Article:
A Portuguese Tradition

We arrive at the airport on a sweltering day in Portugal. None of us are used to the heat except our host Ricardo. We go on a 3 hour coach journey and see the countryside and the landscape of this humid, yet beautiful country. We see poverty, we see communist flags, we see tailor-made cigarettes for four euros a packet. My friend tells me we’re in a second-world country and it shows. He goes on to say that if you’ve got a part time job at aged twenty-four then you’re living the life. Police carry guns. People are friendly, but not too much so.

We meet Ricardo’s father and his sister at the coach station. I give her a hug and a kiss on the cheek as she discretely tries to hide the anarchy symbol tattooed on her forearm. Antonio carries the same energy as his son. Bubbly persona and very animated. Taking selfies every 10 miles or so. Proud that his son has made life-long friends. He’s excited to show us his home-town. It’s not something that tourists get to see. He drives way too fast down a mountain range. The car sways as he checks his Facebook profile to see which of his friends have liked the aforementioned selfies. We fear for our lives but none of us say a thing. Firstly, because we are all grateful for the lift. Secondly because we are all trying to take this new experience in our stride.

His home-town is more like a rural village. But still unlike anything I have ever seen. High cemented walls surround the place. It looks as if it is ready for battle. “In fact,” he tells us, in a semi-Americanised way of speaking English, “There were a few big battles that took place here. I’m gonna be in the war re-enactment on Monday if you want to come.”

We finally pull into Almeida. We drive through the cobbled streets and feel out of place in time. We get strange looks from the locals as if we don’t belong there. Like we’re commodities. Like fresh meat. He pulls up to the council building where he works. The Mayor steps out the building and shakes us by all by the hand. We feel like royalty now. We’re in the VIP club because of Ricardo’s dad, and grateful for it too. This is the life. “We just met the bloody Major!” Theo reiterates with a hint of glee in his eyes.

The sun draws in and we go to see Ricardo’s grandparents who are warm and loving. His grandmother speaks at us in a language that we don’t understand, that she knows we don’t understand, but she continues to chatter away regardless. It fills us with warmth. They are very welcoming as they sit us down to dinner. Dinner consists of meat and saturated fats, along with soup, beers and the strongest of coffee liqueurs. We each swallow a plateful of delicious, wholesome food and everyone else continues to eat. I, however, feel uneasy, so I only manage one. Ricardo’s grandmother pulls him to the side. I find out later that she was questioning him. “Why does the strange, short, young man not like my food?”. She likes Theo on the other hand, as he manages to wolf down three plates full. He even has to undo his trousers to let his belly breathe after the meal is done. Masculinity is measured here in the traditional sense. By who is the strongest. Who is the tallest. Who can stomach the most meat. His grandfather pats Theo on the shoulder and shouts, “Ay, Big Boy!”. Clearly in this ethnocentric, catholic, and conservative town Theo is the alpha male of our pack.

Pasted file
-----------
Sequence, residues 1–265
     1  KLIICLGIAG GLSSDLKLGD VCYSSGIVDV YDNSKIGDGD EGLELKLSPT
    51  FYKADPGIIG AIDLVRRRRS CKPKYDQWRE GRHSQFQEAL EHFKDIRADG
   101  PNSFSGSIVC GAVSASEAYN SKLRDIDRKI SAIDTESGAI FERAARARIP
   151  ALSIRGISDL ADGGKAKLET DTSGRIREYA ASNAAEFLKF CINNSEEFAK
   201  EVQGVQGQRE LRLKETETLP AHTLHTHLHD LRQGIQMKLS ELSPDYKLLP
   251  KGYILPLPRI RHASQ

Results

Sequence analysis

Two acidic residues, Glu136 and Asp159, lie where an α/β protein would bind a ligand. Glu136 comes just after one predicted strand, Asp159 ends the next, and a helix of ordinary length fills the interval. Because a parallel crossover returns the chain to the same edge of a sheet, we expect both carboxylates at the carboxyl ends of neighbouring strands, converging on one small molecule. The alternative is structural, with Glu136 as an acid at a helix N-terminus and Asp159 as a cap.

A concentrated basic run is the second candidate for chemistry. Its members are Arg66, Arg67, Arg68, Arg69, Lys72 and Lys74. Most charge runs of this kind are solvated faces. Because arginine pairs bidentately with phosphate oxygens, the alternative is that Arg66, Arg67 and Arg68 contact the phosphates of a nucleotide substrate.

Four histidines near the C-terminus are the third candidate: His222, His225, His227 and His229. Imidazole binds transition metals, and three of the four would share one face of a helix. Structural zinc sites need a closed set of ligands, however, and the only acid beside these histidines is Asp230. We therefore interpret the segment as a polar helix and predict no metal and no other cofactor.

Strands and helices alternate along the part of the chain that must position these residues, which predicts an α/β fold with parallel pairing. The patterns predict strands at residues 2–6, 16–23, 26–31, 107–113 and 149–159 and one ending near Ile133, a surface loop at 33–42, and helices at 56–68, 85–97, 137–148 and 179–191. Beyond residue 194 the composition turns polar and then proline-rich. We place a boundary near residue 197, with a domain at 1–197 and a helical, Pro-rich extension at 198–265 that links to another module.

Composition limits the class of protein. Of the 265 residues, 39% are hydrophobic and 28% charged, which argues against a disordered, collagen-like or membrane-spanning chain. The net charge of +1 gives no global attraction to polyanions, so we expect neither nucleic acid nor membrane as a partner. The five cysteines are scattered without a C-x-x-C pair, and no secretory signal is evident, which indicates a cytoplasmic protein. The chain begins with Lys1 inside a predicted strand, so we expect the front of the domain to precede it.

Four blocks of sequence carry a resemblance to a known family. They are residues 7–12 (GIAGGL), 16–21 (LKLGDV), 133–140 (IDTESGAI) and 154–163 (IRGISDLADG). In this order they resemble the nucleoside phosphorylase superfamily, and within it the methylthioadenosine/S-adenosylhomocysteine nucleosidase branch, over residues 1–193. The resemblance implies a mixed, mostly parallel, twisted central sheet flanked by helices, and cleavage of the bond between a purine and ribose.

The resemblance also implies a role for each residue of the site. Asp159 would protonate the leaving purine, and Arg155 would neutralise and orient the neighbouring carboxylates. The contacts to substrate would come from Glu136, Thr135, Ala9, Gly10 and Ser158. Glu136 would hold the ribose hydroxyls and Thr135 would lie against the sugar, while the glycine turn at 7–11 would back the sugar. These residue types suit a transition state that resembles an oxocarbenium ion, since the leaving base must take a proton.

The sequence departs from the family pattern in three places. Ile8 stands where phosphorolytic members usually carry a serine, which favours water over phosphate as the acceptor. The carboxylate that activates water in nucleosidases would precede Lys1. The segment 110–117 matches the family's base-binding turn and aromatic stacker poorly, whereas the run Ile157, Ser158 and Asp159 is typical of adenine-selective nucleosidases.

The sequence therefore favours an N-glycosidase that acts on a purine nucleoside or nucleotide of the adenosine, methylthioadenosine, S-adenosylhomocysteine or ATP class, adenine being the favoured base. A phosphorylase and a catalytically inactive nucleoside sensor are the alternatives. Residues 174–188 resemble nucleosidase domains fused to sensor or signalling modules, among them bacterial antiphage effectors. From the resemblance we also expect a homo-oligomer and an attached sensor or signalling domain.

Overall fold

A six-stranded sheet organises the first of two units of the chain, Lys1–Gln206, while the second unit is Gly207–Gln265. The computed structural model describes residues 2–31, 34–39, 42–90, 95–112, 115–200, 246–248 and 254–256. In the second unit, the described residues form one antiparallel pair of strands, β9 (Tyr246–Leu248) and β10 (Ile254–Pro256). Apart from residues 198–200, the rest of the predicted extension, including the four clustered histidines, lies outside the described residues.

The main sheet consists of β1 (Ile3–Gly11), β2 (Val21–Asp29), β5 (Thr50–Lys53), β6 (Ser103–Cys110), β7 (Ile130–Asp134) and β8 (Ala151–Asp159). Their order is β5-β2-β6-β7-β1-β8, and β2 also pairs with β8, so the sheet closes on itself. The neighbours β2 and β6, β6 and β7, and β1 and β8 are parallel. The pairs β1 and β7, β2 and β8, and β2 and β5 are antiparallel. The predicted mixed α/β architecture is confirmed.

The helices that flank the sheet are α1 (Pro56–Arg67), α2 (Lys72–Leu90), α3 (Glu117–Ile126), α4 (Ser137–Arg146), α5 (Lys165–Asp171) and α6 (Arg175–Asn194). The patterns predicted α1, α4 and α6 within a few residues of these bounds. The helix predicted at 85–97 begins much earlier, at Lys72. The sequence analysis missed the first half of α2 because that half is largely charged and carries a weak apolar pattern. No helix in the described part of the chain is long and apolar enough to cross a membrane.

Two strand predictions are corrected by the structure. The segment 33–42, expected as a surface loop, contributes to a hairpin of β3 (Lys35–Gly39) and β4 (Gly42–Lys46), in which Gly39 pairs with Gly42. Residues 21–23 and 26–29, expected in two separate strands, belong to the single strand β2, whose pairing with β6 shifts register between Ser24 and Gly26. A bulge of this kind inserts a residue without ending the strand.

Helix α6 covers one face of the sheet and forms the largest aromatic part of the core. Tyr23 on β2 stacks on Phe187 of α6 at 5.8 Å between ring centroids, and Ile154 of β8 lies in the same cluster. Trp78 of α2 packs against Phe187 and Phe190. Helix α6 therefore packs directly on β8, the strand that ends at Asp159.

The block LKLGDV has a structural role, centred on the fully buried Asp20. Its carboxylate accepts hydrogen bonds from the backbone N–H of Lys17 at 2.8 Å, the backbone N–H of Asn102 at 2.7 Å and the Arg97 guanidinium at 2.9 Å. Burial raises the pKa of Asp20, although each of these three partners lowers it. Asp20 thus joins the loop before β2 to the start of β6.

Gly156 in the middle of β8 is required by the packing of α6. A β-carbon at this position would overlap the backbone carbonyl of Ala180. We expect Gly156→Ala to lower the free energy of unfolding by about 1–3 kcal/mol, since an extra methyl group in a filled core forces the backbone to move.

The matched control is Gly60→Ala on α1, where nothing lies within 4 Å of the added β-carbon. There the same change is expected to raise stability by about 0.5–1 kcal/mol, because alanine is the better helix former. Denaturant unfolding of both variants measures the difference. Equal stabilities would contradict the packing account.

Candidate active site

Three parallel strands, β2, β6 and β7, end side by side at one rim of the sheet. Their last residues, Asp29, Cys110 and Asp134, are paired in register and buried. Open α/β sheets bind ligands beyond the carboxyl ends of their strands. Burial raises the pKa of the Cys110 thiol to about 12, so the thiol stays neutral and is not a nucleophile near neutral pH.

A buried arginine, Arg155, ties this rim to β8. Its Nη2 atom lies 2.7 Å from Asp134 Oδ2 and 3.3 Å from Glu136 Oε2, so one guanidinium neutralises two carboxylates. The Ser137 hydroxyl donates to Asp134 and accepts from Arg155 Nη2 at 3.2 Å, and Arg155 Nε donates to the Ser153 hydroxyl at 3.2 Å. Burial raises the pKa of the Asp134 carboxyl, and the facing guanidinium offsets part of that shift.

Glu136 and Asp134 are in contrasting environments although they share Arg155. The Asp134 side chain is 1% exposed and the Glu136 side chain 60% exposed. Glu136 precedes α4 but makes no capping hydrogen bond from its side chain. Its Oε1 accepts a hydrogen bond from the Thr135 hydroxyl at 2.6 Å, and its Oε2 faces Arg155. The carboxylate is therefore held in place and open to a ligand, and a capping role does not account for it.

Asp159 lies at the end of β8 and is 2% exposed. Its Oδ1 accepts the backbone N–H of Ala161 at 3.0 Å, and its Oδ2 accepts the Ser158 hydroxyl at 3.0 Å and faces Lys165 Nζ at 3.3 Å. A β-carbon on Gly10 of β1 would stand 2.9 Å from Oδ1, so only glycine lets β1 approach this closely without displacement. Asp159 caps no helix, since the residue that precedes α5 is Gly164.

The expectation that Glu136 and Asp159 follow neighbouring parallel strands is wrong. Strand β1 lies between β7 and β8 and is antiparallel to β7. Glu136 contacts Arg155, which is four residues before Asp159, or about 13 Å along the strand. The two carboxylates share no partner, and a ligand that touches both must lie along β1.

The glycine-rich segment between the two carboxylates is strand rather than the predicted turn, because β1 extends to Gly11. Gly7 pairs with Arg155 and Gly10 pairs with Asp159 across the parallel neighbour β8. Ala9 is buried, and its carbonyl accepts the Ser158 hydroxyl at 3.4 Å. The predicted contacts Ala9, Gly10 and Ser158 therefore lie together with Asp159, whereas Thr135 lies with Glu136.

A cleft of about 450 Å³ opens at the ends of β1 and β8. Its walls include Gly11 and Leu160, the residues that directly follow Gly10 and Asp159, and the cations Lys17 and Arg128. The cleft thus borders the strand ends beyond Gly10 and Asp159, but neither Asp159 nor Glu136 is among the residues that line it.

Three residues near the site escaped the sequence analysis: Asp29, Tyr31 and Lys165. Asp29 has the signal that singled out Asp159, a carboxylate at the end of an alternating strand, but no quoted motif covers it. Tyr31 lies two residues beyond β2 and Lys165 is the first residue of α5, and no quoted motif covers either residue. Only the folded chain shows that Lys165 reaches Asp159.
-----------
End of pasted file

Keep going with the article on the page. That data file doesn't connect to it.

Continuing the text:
As Night falls, we get ready for party time. We meet up with a few of the local youths in a graveyard. We sit and smoke and try to communicate through body language. Ricardo has a hard time switching on the fly between English and Portuguese. His head starts to hurt. He doesn’t know what language to think in any more. They tell us ghost stories about the time they found the corpse of a woman in the crypt. Remarkably, they know one our friends from back home, for his growing following and cult-like status on League of Legends. It is an incredibly morbid place but we’re still all laughing away and enjoying ourselves at the absurdity of the situation. The leader shows us a destroyed tower that was used to store dynamite. One shot from a trebuchet and it went up in flames. He chuckles at the lack-lustre military tactics.

We go to a party at a disused fire station. The lights are dim. A lot of purples and reds and you can smoke inside. We cant talk to anyone properly so we just dance and get too wasted for our own good on drinks as cheap as dirt. I spot a girl who I had seen earlier. She was absolutely gorgeous. I went over to her and started to dance. It was time to shoot my shot. “Tu Es Bonita… Eu Gosto De Gajas Boas” This loosely translates to, “You are beautiful, I only like beautiful girls.” Antonio taught me. He was somewhat of a player back in the day. It was supposed to be slick and charming, but I am sure in my broken accent it comes across as creepy. We finish the Latin-style, hip-gyrating dance and put our four-minute relationship to bed.

We attempt to leave, already knowing we’re going to suffer in the morning, but a drunken Antonio drags us back in as apparently the party is only just starting. I move onto spirits and the last thing I remember with any clarity is “Ayyyy Macarena”. My friends carry me home. I wake up the next day in the pitch black and think that I am dead. No one chastises me as the village has such a systemic problem with alcoholism. All in all, a good night. With many more to come.

By Curtis Moore

Image Credit: Pixabay

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